“I know this man inside and out. He was never a pimp. He was never pimping out girls,” said Hagos, her 2-month-old daughter just a few feet away in the arms of her older sister. “He was a rapper who just wanted to fit in. He just wanted to be like the other rappers.”

Child custody documents in Clark County family court paint a different picture of Cherry Jr. They depict a violent man who chased down the mother of one of his other children and beat her so hard that she started to see “stars.”

The allegations were made in September 2011 in an affidavit that stems from a child custody dispute.

Hagos said the past girlfriend’s allegations aren’t true and that the woman was exaggerating to obtain custody of her child.

“Anybody will say anything in a child custody battle,” she said.

Hagos has an arrest record that includes solicitation for prostitution, grand larceny trick rolling, and trespassing. It’s the same sort of rap sheet that Howard has — the woman who has been identified by police as a “person of interest.”

Hagos’ most recent arrest on prostitution charges came a year ago in Houston.

But Hagos said she has since cleaned up her act, and that part of that recovery is because of Cherry Jr. He introduced her to his longtime lawyer, Vicki Greco, who helped reduce the charges and made sure that she served minimum jail time.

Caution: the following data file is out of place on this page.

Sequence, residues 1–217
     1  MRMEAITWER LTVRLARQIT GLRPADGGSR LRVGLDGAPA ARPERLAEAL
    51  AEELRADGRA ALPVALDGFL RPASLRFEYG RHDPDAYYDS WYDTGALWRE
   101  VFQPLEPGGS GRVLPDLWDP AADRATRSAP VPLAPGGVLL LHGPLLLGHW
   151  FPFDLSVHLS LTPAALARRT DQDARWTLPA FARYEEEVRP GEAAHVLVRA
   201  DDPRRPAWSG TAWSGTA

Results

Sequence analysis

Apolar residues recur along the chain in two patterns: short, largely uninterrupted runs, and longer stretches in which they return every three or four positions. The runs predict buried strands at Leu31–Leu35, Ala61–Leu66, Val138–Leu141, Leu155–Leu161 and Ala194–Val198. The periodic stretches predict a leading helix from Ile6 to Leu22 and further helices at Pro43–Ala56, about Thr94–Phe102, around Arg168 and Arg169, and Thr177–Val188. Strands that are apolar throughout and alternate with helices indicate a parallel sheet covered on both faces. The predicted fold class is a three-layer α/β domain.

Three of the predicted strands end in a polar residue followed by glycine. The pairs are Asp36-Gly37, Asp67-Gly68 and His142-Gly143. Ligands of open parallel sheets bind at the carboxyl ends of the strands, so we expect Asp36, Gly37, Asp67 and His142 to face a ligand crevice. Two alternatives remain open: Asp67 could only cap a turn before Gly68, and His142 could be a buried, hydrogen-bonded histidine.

She said since the birth of their baby, Cherry Jr. had been supporting her from Las Vegas.

She wouldn’t say how much money he sent her, but she claims he made money in the music industry.

It’s a question that many people are asking: Where did Cherry Jr., if he wasn’t a pimp, get his money?

Where did he get the money to afford the Maserati and the expensive pair of apartments he lived in at the Meridian just off the Strip and in Newport Lofts in downtown Las Vegas?

His father, Kenneth Cherry Sr., in town over the weekend to claim the body of his dead son, said the family is “very wealthy” on his wife’s side from real estate investments.

He said his son’s great-grandmother lives on Telegraph Hill, a posh area of San Francisco. Reporters have been hounding her for answers, but she doesn’t know what’s going on, he said.

“She’s saying, ‘Where’s my little Kenny?’ ” he said.

Cassell said the aspiring rapper had no criminal convictions or arrests in Nevada.

Lou Pascoe, director of the Southern Nevada Task Force on Human Trafficking, said a pimp doesn’t necessarily have to get arrested to be a pimp.

“Can you commit a crime and never be arrested?” she asked. “Yes.”

Annie Loebert, a former prostitute who started the ministry Hookers for Jesus, said it’s appalling how pimps have changed , although she wasn’t talking about anybody specifically.

In the 1980s and ’90s, the pimps dressed nicely, they drove nice cars, they wore fine jewelry, and they lived in fine houses, she said.

“Now, they’re just gangsters. Now they beat their women. I’m not saying every pimp beats up his girl, but a lot of them do.”